Contributions of microelectrochemical scanning techniques for the efficient detection of localized corrosion processes at the cut edges of polymer-coated galvanized steel. D. Filotás, J. Izquierdo, B.M. Fernández-Pérez, L. Nagy, G. Nagy, R.M. Souto.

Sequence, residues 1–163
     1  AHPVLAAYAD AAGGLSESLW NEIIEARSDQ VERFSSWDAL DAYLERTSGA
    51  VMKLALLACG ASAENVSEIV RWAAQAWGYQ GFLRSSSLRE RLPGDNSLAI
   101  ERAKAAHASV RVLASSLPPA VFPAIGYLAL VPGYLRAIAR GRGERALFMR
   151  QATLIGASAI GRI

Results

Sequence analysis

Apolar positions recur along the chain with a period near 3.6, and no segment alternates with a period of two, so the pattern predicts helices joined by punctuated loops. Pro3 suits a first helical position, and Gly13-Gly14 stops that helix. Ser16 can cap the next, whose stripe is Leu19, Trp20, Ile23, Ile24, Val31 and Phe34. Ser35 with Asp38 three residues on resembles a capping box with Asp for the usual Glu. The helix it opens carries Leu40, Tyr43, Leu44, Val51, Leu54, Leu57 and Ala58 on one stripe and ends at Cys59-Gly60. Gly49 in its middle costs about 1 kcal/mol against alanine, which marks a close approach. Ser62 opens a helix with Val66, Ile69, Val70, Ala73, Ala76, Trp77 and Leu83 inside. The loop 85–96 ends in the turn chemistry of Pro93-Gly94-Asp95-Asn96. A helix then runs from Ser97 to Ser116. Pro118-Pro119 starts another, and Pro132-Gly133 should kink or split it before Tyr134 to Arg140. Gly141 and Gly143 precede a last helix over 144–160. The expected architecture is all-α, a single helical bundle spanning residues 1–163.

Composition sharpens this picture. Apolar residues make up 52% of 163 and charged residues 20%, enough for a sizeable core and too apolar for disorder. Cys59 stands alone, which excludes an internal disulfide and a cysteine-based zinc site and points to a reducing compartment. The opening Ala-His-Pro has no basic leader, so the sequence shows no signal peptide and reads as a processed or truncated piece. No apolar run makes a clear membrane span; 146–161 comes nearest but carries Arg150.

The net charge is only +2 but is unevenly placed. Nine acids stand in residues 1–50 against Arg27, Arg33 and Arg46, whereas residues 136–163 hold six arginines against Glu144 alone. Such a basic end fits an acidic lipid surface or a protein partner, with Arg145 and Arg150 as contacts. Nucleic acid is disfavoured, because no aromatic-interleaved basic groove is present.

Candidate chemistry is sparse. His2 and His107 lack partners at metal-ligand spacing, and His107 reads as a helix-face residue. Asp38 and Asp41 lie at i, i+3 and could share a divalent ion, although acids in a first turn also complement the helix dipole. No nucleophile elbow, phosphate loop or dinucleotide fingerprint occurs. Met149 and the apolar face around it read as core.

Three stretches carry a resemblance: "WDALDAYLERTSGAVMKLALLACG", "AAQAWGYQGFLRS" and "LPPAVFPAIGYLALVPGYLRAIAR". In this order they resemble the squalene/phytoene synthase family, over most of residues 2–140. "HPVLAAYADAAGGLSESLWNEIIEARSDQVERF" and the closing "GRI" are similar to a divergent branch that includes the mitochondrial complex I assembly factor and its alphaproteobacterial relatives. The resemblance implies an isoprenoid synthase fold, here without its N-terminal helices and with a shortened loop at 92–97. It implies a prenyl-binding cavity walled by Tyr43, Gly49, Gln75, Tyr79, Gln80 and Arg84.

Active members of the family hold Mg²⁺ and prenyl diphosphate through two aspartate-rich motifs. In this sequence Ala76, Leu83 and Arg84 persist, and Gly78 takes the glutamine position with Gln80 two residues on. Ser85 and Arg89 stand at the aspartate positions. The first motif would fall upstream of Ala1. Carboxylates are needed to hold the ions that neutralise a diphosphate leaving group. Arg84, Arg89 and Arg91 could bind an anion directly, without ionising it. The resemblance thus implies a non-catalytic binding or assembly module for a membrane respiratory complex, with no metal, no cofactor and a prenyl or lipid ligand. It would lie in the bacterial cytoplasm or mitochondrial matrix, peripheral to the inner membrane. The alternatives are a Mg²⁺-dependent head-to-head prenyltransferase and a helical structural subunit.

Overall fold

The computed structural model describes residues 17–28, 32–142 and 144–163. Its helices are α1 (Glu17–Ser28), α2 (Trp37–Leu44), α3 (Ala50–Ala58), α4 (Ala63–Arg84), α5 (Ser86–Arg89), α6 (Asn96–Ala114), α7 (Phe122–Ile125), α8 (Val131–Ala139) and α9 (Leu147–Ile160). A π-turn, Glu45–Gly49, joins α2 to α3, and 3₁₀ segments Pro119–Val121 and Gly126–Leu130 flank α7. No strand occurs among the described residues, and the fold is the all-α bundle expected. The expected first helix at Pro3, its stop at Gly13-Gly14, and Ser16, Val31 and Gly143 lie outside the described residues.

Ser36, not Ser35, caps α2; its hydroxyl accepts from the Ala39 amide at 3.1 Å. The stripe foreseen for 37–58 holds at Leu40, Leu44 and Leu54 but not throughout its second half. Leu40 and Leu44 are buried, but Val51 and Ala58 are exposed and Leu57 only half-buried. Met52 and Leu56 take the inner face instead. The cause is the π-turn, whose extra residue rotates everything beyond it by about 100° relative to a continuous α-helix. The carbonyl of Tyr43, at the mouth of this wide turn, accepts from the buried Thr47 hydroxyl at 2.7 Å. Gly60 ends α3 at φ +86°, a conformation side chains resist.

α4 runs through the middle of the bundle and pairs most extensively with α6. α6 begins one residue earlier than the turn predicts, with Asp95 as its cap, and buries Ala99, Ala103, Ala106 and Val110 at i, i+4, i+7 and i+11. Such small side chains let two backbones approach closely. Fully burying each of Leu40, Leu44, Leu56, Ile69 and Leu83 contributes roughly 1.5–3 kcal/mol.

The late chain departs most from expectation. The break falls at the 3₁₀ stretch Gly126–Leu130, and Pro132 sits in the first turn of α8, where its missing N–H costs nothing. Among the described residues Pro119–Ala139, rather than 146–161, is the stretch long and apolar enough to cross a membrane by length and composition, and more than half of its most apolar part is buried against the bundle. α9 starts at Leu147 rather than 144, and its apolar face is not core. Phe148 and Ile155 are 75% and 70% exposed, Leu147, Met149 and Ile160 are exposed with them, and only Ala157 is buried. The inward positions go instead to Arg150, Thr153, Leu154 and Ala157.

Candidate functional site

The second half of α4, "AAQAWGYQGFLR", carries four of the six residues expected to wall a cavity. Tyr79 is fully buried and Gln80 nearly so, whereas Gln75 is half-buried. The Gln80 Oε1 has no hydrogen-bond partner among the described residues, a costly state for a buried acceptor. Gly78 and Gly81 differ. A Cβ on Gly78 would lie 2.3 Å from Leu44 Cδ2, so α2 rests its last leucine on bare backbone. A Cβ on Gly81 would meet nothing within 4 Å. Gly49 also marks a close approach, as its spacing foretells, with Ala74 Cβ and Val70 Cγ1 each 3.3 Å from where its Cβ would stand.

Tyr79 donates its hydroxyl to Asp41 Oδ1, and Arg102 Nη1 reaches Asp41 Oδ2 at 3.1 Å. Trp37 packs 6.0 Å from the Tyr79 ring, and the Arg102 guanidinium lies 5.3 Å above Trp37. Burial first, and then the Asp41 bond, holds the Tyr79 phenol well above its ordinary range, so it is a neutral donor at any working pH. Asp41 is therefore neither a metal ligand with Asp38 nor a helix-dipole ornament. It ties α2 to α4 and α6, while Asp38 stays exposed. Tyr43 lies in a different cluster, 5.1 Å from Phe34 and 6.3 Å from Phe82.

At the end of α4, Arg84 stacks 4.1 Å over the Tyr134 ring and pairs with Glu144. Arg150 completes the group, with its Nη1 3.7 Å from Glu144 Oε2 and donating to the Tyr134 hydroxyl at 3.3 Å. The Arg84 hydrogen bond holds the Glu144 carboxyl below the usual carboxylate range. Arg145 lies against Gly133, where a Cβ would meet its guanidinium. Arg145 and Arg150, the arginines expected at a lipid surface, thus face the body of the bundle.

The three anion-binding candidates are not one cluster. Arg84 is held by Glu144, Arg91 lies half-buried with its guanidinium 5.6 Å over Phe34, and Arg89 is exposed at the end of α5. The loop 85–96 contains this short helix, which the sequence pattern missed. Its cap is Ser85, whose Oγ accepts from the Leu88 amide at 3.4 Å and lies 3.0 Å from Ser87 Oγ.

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Spatially resolved information on corrosion reactions operating at the cut edges of coated metals can be obtained using microelectrochemical scanning techniques using a suitable selection of operation modes and scanning probes. The scanning vibrating electrode technique (SVET) provides current density maps with a spatial resolution of the order of the dimensions of the sample, which allows the temporal evolution of the corrosion reactions to be followed over time. This leads to the identification and localization of cathodic and anodic sites, although the technique lacks chemical specificity for the unequivocal identification of the reactive species. The application of scanning electrochemical microscopy (SECM) was previously limited to image cathodic reaction sites, either due to oxygen consumption in the amperometric operation or by the alkalinisation of the electrolyte in potentiometric operation. However, it is shown that anodic sites can be effectively monitored using an ion-selective microelectrode (ISME) as a probe. The ISME probes detected differences in the local concentrations of Zn2+ and OH− ions from the cut edges of a complete coil coating system compared to the same system after the polymeric layers were removed. In this way, it has been shown that the inhibitor loading in the polymer layers effectively contributes to reducing the corrosion rates at the cut edge, thus helping to extend the useful life of the sacrificial galvanized layer bonded directly to the steel matrix. Additionally, these two probe configurations can be integrated into a multi-electrode tip for potentiometric operation to simultaneously monitor localized changes in pH values and metal ion dissolution in a single scan. Spatial and temporal distributions were further investigated using different rastering procedures, and the potential of constructing pseudomaps for 2D-imaging is described.